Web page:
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UPDATE 8-Oil jumps $2, U.S. gasoline squeeze aids rally

Jeanine Prezioso
Thursday, 21 Nov 2013 | 3:55 PM ET

* Major powers resume talks on Iran nuclear programme

* U.S. manufacturing index at highest since March

* U.S. gasoline futures end 3 pct higher

(Adds details on sharp price rise, analyst's quote, updates prices to settlement)

NEW YORK, Nov 21 (Reuters) - Brent crude oil jumped $2 to end at its highest in more than a month on Thursday, fuelled by a sharp run-up in gasoline and gas oil prices on news of dwindling stocks and refinery glitches in the United States and Europe.

Upbeat U.S. economic data helped support prices, while traders also kept an eye on talks between Western powers and Iran on hopes of an accord over its nuclear program. New York gasoline jumped 3 percent, leading the complex on news of fresh refinery outages on the U.S. Gulf Coast.

Gains accelerated through the day as traders who had sold oil short during the recent slump to multi-month lows rushed to buy contracts and cover those bets.

"The reality is when shorts are running the market as they have been, the longer the market sits there the more chance it has of going the other way," said Rich Ilczyszyn, chief market strategist at iitrader.com in Chicago.

Brent crude rose $2.02 to settle at $110.08. The contract breached the 100-day moving average of $109.36 for the first time in three weeks. Brent had touched a 4-month low of $102.98 per barrel on Nov. 8.

U.S. oil settled $1.59 per barrel higher at $95.44, after reaching a high of $95.63. The contract had touched a five-month low of $92.43 on Tuesday.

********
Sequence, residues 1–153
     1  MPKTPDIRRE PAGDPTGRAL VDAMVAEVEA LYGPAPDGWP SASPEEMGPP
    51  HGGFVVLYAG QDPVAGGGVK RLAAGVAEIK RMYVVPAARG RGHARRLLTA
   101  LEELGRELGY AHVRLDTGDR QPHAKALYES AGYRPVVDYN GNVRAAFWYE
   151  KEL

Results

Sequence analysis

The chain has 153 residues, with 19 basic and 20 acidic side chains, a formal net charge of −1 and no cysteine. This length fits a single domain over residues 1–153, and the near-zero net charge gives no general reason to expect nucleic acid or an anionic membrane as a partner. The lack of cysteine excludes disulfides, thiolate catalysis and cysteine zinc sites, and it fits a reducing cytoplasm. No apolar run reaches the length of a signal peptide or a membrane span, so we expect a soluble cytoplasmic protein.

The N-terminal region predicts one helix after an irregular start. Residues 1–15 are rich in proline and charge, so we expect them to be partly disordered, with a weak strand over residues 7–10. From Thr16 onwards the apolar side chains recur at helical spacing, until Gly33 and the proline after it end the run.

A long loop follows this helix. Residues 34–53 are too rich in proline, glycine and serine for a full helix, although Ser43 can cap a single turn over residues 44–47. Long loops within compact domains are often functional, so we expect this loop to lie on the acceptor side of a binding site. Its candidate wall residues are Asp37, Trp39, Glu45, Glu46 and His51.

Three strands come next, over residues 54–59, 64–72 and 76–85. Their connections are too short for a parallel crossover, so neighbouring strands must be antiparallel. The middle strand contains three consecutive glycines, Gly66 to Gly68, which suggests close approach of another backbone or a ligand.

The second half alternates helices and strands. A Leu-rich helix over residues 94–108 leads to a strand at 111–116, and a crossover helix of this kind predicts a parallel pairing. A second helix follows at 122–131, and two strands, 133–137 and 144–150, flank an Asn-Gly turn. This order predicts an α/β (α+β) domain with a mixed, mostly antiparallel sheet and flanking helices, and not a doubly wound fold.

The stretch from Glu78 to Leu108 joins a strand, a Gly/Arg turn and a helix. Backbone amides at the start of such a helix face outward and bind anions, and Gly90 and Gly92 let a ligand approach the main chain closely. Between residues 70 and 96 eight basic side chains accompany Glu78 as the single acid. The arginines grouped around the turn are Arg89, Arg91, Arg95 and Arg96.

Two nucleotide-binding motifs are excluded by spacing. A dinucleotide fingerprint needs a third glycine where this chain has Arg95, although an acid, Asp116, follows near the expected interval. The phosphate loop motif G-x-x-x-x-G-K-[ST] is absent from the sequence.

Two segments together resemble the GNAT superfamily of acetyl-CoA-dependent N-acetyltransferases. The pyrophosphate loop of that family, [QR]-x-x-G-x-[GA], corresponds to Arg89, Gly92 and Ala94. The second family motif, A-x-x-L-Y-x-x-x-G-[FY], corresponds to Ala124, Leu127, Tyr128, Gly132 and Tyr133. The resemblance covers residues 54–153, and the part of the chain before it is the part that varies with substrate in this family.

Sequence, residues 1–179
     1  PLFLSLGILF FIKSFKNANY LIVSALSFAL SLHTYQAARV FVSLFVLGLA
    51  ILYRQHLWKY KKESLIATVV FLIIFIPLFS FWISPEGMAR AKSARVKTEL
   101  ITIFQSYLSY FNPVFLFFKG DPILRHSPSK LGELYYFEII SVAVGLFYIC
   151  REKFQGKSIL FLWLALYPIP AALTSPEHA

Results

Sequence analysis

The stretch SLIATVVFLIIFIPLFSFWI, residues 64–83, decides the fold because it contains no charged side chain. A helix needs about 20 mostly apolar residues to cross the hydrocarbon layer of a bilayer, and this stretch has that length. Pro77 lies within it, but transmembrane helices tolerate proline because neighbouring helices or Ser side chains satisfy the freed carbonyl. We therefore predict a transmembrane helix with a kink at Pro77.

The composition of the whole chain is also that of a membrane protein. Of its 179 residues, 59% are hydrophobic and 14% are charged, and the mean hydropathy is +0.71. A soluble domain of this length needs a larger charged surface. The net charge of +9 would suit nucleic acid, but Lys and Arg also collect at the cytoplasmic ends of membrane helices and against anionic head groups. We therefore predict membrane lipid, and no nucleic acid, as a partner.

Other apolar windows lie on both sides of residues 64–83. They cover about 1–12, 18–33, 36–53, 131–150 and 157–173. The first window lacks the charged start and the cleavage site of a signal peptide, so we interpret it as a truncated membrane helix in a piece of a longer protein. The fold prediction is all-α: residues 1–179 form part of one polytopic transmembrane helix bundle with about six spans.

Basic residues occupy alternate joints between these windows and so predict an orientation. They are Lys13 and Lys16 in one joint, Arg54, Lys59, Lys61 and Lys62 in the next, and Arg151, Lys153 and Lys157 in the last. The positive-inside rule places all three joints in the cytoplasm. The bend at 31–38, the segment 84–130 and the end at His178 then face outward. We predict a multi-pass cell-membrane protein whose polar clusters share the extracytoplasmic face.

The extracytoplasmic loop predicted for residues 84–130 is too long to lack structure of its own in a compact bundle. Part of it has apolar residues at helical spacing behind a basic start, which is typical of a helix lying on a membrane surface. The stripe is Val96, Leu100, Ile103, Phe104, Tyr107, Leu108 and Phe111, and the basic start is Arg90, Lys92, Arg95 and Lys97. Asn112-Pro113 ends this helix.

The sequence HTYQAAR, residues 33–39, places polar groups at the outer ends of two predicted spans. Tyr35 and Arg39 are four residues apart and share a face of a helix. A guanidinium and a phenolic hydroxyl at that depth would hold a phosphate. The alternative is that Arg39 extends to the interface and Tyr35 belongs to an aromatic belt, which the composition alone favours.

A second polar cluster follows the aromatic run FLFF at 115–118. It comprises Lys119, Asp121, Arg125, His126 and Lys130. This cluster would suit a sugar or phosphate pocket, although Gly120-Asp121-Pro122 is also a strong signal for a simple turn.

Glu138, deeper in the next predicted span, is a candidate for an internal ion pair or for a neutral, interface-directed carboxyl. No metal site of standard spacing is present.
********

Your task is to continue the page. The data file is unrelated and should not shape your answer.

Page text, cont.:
Brent oil's more dramatic rise boosted its premium over U.S. crude oil <CL-LCO1=R> by 65 cents $14.86.

Gasoline prices jumped on the unexpected closure of a gasoline-making unit at Motiva's 600,000 barrel per day refinery in Port Arthur, Texas, the nation's largest. The 88,000 bpd fluid catalytic cracker was shut late Wednesday morning, according to Genscape. A Motiva spokesman said it initiated maintenance activities on Nov. 19 on unspecified units.

U.S. gasoline futures for December delivery ended more than 8 cents higher at $2.7438 a gallon, after hitting a high of $2.7460. The contract ended with its largest one-day percentage gain since Oct. 10.

EUROPE TIGHTENS

In Europe, the gasoline-making unit at Total's 360,000-bpd refinery in Antwerp, Belgium, was offline after an explosion on Tuesday that killed two.

"This is a refinery capacity situation that is further challenged as we come into a very strong demand period," said Stephen Schork, editor of the Schork Report in Villanova, Pennsylvania.

Gasoline stocks at Europe's Amsterdam-Rotterdam-Antwerp hub dropped 28.2 percent from last week to the lowest level this year, while gas oil stocks were at their lowest since 2008.

U.S. data showed distillate stocks fell by more than 4 million barrels than expected last week as U.S. refineries export fuel to Europe.

Low distillate stockpiles on both sides of the Atlantic helped flip the December/January gas oil spread <LGOZ3-F4> into a slight backwardation as indications of tight supplies means greater refining demand.

GOOD DATA

Positive U.S. economic data also supported prices. The number of Americans filing new claims for unemployment benefits fell more than expected last week, while the U.S. Manufacturing Purchasing Managers Index rose to the highest level since March, suggesting a strengthening economy.

In Geneva, France and Iran traded tough words on Thursday as major powers struggled to finalise an interim deal to curb Tehran's nuclear program in exchange for sanctions relief, with Paris urging the West to remain firm and Tehran deploring a loss of trust.

Sanctions against Iran have kept 1 million barrels of oil per day from the market, and any indication that an agreement would be reached could mean lower prices as Iranian oil supplies would become available.

(Additional reporting by Joshua Franklin and Julia Payne in London and Manash Goswami in Singapore; Editing by Dale Hudson, David Evans, Marguerita Choy, Nick Zieminski and Meredith Mazzilli)